On January 28, the Metropolitan Trial Court of Manilia convicted performance artist Carlos Celdran of offending religious sentiments with his publicized protest staged on September 30, 2010.
On that day, Celdran had entered Manila Cathedral dressed as national hero José Rizal bearing a sign that read “Damaso”—the name of the contemptible priest in Rizal’s novel, Noli Me Tángere (1887). In front of the main altar, he railed against the Catholic Church’s efforts to thwart the passage of a reproductive health bill that would mandate sex education in schools and provide free or subsidized contraceptives to the poor.
Monsignor Nestor Cerbo, rector of the Manila Cathedral, filed the complaint against Celdran, calling upon Article 133, which penalizes actions “notoriously offensive to the feelings of the faithful.”
On Monday, in a phone interview with InterAksyon, Celdran said, “The issue is bigger than me now . . . It’s about religion. Anything that one does that might be offending to his or her own religion could put him or her in jail. This is a bad precedent.”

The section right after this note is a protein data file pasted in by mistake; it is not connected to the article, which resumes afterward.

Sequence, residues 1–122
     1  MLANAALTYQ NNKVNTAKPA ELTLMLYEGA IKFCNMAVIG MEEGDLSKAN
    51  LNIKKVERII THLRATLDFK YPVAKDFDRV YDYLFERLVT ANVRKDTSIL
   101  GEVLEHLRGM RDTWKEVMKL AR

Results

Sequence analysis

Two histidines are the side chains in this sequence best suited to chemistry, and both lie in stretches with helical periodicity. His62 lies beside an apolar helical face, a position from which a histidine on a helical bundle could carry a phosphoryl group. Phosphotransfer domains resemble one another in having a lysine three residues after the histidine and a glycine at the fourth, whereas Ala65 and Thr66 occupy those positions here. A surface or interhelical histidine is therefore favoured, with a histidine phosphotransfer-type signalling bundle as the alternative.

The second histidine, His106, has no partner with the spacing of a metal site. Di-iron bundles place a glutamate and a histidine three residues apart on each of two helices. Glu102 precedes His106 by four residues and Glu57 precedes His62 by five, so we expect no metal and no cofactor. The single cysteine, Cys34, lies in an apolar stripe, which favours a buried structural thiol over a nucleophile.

Human Rights Watch’s Asia researcher Carlos Conde viewed the charge as an infringement on freedom of expression. “This is a setback for free speech in the Philippines, which prides itself on being a democracy. This verdict should be reversed. Nobody should be jailed for voicing an opinion or position, especially on a subject that concerns the lives of millions of Filipino women and mothers.”
Celdran faces between nearly three months and more than one year in jail, but remains free on bail for now pending his appeal against the sentence.